‘The Forgotten War,’ remembered

Detroit Arsenal of Democracy Museum to host Korean War program Feb. 6

By: Brian Louwers | C&G Newspapers | Published January 22, 2016


WARREN — In the summer of 1950, less than five years after the guns of World War II fell silent in the Far East, armed conflict erupted on the Korean peninsula.

The Korean War, also known in the United States and Canada as “The Forgotten War,” would eventually result in more than 36,000 American combat deaths. More than 100,000 Americans were wounded. Theater-wide, the numbers were staggering, with more than 5 million people killed, nearly half of them civilians.

On Feb. 6, the Detroit Arsenal of Democracy Museum in St. Clair Shores will host a Korean War program focused on the events leading up to the outbreak of hostilities and the war’s bloody engagements. The staff will share artifacts from the period, and visitors will hear firsthand accounts from veterans who were there.

“It was the first active engagement of the Cold War,” Museum Historian James Bertolino said. “The armistice signed in 1953 that remains in effect today reminds us that we must remain vigilant against the forces of tyranny and oppression.”

Museum Director John Lind said one of the many fascinating things about the Korean War was how it started and escalated. 

“It was basically an American defeat,” Lind said, pointing to the massive Chinese offensive that pushed down the Korean peninsula in November 1950. “The only thing that staved off a complete disaster was the superiority of American firepower, airstrikes and the U.S. Marines, who fought to the bitter end in a dogged defensive maneuver.”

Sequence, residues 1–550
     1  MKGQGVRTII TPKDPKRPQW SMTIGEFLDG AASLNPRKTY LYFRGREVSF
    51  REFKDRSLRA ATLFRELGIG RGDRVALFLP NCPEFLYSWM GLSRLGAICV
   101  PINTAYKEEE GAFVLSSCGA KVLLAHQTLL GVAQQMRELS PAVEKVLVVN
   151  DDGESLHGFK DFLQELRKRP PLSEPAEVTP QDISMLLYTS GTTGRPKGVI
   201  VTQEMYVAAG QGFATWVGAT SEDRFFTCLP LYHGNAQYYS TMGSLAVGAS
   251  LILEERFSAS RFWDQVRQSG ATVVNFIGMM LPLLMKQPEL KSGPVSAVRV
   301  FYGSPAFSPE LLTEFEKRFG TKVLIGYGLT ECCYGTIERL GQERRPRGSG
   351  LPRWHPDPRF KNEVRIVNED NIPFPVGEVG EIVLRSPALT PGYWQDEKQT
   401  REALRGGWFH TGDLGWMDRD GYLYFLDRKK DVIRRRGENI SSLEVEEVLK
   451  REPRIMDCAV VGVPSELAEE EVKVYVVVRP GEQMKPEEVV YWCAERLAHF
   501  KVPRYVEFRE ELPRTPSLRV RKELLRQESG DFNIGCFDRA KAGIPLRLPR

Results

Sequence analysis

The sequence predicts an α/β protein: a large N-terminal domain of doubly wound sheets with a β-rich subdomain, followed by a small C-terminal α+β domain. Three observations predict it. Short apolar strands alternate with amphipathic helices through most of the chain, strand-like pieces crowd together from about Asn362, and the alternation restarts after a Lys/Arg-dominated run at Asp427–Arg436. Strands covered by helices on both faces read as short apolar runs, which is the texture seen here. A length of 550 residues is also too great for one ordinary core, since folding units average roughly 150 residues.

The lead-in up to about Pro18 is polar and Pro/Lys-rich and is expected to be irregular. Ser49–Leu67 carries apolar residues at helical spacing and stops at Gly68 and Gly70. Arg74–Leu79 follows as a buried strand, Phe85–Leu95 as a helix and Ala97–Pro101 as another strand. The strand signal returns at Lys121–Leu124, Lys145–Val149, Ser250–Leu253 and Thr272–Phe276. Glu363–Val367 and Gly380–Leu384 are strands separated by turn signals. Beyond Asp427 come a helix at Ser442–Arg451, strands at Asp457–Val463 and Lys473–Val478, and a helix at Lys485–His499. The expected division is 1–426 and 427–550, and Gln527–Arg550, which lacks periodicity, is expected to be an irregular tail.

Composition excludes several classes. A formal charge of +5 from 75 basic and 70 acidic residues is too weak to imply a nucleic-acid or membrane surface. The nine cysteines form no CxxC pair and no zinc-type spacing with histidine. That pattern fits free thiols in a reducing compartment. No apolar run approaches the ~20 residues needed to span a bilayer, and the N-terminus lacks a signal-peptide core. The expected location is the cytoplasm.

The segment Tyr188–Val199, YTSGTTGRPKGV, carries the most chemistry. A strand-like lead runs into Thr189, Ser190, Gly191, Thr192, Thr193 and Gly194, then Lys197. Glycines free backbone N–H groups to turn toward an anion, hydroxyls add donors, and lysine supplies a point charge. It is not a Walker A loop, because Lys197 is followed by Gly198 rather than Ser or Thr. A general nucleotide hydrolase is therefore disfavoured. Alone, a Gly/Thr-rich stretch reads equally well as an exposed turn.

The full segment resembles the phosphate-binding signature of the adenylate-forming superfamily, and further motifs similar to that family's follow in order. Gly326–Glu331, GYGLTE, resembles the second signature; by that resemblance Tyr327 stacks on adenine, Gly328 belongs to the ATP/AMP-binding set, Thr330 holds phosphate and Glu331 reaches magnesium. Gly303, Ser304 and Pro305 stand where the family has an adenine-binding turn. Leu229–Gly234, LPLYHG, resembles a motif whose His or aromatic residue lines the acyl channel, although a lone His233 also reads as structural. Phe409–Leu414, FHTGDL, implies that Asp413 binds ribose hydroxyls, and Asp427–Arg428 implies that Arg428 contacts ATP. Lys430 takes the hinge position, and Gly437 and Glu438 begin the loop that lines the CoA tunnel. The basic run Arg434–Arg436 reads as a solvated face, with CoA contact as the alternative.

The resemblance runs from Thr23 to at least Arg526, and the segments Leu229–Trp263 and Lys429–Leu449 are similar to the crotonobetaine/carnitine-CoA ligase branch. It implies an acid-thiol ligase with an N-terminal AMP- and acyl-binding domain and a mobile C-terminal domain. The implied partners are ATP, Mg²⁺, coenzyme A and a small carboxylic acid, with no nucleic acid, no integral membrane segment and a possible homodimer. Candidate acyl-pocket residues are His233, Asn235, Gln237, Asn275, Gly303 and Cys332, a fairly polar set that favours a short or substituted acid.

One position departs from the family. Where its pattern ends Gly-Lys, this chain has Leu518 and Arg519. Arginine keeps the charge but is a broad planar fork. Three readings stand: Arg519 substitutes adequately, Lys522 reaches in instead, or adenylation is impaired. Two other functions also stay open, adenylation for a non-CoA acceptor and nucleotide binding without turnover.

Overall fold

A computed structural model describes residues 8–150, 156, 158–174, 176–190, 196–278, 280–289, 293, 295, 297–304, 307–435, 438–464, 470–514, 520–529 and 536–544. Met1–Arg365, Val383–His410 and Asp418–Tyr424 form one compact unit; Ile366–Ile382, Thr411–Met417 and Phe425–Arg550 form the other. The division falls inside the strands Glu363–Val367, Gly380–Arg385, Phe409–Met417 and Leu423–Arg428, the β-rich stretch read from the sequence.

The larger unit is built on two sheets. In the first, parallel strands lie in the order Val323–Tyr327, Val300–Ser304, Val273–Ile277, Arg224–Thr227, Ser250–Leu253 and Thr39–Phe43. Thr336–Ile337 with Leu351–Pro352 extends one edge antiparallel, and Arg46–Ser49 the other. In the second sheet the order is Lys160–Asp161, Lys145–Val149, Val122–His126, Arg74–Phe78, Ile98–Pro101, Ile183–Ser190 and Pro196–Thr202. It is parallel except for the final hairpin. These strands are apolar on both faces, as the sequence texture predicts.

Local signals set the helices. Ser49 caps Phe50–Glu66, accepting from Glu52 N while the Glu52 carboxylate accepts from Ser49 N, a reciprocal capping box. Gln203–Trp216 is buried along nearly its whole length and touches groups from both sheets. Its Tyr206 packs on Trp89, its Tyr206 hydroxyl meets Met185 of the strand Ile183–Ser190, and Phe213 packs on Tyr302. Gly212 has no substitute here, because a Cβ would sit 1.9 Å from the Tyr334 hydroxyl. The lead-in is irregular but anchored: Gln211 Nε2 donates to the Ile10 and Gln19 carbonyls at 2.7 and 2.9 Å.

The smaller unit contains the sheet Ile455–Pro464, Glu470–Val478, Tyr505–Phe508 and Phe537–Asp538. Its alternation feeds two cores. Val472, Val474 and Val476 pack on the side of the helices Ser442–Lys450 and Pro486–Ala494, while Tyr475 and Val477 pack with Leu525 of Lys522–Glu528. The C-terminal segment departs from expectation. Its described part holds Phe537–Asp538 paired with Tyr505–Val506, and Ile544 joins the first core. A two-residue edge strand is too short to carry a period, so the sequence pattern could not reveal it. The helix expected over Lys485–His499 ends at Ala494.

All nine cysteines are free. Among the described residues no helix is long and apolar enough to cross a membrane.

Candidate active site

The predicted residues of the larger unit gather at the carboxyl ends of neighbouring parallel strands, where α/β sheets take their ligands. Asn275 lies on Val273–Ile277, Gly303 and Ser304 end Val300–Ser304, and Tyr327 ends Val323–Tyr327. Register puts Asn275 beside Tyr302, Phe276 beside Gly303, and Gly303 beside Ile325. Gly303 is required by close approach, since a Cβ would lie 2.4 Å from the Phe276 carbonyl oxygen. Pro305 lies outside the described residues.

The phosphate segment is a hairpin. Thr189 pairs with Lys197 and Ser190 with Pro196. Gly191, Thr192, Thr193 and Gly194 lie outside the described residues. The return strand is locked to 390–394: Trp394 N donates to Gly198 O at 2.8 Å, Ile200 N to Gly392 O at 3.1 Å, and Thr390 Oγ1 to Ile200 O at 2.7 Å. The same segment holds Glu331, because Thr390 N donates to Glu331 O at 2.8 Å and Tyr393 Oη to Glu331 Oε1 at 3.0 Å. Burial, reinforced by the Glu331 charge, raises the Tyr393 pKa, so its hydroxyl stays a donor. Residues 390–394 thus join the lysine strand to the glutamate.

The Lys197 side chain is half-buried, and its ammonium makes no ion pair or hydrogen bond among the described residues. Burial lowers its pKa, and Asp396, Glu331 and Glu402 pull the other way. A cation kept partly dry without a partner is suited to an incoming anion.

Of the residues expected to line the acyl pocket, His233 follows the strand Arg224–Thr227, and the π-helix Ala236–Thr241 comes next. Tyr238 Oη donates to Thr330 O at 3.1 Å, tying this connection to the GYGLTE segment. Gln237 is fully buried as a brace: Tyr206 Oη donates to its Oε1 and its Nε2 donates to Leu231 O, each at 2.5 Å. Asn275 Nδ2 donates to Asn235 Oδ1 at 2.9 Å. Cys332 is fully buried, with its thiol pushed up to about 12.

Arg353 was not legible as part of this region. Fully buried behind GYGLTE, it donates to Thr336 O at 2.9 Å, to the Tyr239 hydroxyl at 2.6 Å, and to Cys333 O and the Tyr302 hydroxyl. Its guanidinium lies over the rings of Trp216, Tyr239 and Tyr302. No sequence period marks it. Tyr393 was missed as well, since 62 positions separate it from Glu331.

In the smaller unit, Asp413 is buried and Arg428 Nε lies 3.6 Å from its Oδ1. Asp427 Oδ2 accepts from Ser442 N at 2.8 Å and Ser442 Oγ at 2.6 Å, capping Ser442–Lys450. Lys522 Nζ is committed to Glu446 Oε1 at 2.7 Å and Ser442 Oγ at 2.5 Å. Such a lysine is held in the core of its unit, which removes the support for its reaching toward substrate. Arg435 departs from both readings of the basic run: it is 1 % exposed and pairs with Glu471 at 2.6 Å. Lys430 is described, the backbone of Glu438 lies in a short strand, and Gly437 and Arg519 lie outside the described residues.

Bertolino said the war saw the world’s militaries take steps forward in the technology of taking and saving lives. Jet aircraft would soon trump propeller-driven planes, while helicopters lifted casualties from the battlefield to Mobile Army Surgical Hospitals (MASH), set up behind the front lines.

Places like the Chosin Reservoir, Suwon, the Yalu River and “MiG Alley” became etched in military history.

“We must never forget those that never made it back, including Cpl. John Toth, of the 9th Infantry Regiment,” Bertolino said.

Toth, of Roseville, was killed in action on Aug. 16, 1950, when his unit’s position was overrun by an enemy force attacking in far greater numbers. A telegram informing loved ones of Toth’s death was recently given to the museum as a donation, along with the Purple Heart he was awarded posthumously.

“The position was held and the enemy finally beaten. He died bravely in defense of the principles we all hold dear, and which will ultimately triumph in a peaceful world,” Bertolino said. “He would posthumously be awarded the Purple Heart. We have his story and many like it at the museum.”

The Detroit Arsenal of Democracy Museum’s Korean War program will begin at noon on Feb. 6. The cost of admission is a $5 donation to the museum. Korean War veterans attend for free.

The museum is located at 22960 W. Industrial Drive in St. Clair Shores. For more information, call (586) 604-5393.